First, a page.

fbpx

Learn how to reduce your income and estate tax, fast.

Get our tips on big-picture strategy and actionable tactics for startup equity, small businesses, crypto, real estate, and more.

JOIN 1,000+ FOUNDERS, EMPLOYEES, AND INVESTORS WHO TRUST VALUR

Questions About Trusts & State Income Tax: Part 1

A trust can’t help someone avoid paying federal income tax. However, shifting assets into a trust in a tax free state is a way that many people minimize their state income taxes. Trusts in tax free states are often used by people that live in states with high state income taxes and have: (a) a large asset income portfolio; and/or, (b) an asset they expect will have a significant appreciation event.

Many people hear about using trusts in tax free states to minimize their tax burden and immediately have two questions: (1) won’t I just have to pay state income tax when I get the money out of the trust; and, (2) how is it legal to avoid state income taxes by moving my assets into a trust in a state with no income tax when I am still living in a high income tax state? 

In this post we are addressing the first of these questions. (See this post for question two.)

Won’t I just have to pay state income tax when I get the money out of the trust? (AKA Is this just tax deferral?)

The answer to this question depends on whether the distribution is from the trust’s principal or from appreciation/interest. Distributions from a trust’s principal balance are generally not subject to income tax because it’s assumed that principal was already taxed.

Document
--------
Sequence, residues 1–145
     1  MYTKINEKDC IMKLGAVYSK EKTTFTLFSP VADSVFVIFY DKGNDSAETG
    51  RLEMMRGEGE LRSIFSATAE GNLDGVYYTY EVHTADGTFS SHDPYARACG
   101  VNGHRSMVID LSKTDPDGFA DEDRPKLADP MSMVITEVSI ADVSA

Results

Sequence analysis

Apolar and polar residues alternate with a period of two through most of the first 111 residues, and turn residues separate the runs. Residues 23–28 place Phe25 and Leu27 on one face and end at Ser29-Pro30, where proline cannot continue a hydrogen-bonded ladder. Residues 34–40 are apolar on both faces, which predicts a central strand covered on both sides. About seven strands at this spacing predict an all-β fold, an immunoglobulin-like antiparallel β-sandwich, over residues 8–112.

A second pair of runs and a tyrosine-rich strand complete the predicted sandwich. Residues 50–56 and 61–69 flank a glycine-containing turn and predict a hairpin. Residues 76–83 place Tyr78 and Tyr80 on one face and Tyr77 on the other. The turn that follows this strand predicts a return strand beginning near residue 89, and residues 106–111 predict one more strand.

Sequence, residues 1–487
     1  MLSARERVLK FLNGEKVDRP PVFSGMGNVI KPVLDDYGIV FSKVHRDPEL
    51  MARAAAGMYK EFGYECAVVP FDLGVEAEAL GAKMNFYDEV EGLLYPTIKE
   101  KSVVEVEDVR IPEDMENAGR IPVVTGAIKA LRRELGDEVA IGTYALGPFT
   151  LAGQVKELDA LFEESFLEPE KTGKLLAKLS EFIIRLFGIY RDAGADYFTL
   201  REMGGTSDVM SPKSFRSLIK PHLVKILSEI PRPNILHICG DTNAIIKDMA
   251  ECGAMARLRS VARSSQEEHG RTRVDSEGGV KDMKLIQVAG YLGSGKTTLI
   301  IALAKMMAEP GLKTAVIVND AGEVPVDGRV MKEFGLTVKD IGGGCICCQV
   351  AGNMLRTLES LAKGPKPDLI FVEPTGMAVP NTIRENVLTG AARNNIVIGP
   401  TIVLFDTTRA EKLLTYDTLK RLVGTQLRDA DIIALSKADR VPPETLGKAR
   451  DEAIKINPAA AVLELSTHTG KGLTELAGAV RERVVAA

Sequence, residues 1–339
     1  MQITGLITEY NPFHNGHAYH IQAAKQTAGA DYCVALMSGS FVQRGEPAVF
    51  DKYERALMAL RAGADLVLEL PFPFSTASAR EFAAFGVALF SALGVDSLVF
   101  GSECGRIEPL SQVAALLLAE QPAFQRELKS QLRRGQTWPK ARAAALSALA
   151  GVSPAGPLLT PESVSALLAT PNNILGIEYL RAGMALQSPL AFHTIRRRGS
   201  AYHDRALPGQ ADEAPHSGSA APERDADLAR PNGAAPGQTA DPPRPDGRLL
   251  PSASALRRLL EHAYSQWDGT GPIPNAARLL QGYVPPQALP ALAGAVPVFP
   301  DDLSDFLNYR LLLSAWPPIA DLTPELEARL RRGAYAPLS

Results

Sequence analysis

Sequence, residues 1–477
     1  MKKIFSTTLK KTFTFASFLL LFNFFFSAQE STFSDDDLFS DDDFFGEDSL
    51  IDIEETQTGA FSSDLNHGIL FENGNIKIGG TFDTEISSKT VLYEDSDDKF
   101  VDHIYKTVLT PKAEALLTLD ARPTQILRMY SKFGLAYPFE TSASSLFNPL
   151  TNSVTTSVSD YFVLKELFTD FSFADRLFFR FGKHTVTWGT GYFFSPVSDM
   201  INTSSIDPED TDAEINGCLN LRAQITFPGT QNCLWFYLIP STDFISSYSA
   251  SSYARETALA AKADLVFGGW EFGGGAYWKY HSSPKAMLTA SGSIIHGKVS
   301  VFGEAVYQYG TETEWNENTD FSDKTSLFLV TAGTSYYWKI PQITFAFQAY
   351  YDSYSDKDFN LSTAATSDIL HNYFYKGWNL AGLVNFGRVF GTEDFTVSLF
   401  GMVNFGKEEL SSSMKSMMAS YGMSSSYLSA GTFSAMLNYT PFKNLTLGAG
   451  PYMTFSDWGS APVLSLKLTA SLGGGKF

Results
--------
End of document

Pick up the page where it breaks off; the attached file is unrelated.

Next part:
In some states (California, for example), there is something called a “throwback rule” that allows the state to tax the appreciation/interest when they are distributed from the trust to the beneficiary. Even for residents of states with a throwback rule, having appreciating assets in a trust in a tax free state can still be advantageous. First, it allows for the deferral of state taxes. This deferral provides an opportunity to reinvest in the principal and/or take distributions over a number of years to strategically lower effective tax rates. Second, if the beneficiary moves to a state without a throwback rule before taking the distribution they can avoid the state income tax entirely.

In states without a throwback rule (New York and New Jersey, for example), the gain from appreciation/interest (outside of dividends) on the assets in the trust shift to principal after the trust pays its taxes. Once the gain has converted from interest to principal it can be distributed to the beneficiary as a distribution of principal, which again is not subject to income tax

About Valur

We built a platform to give everyone access to the tax and wealth building tools of the ultra-rich like Mark Zuckerberg and Phil Knight. We make it simple and seamless for our customers to take advantage of these hard to access tax advantaged structures so you can build your wealth more efficiently at less than half the cost of competitors. From picking the best strategy to taking care of all the setup and ongoing overhead, we make it easy and have helped create more than $500m in wealth for our customers. Schedule a time to chat with our team and learn more about how we can help you!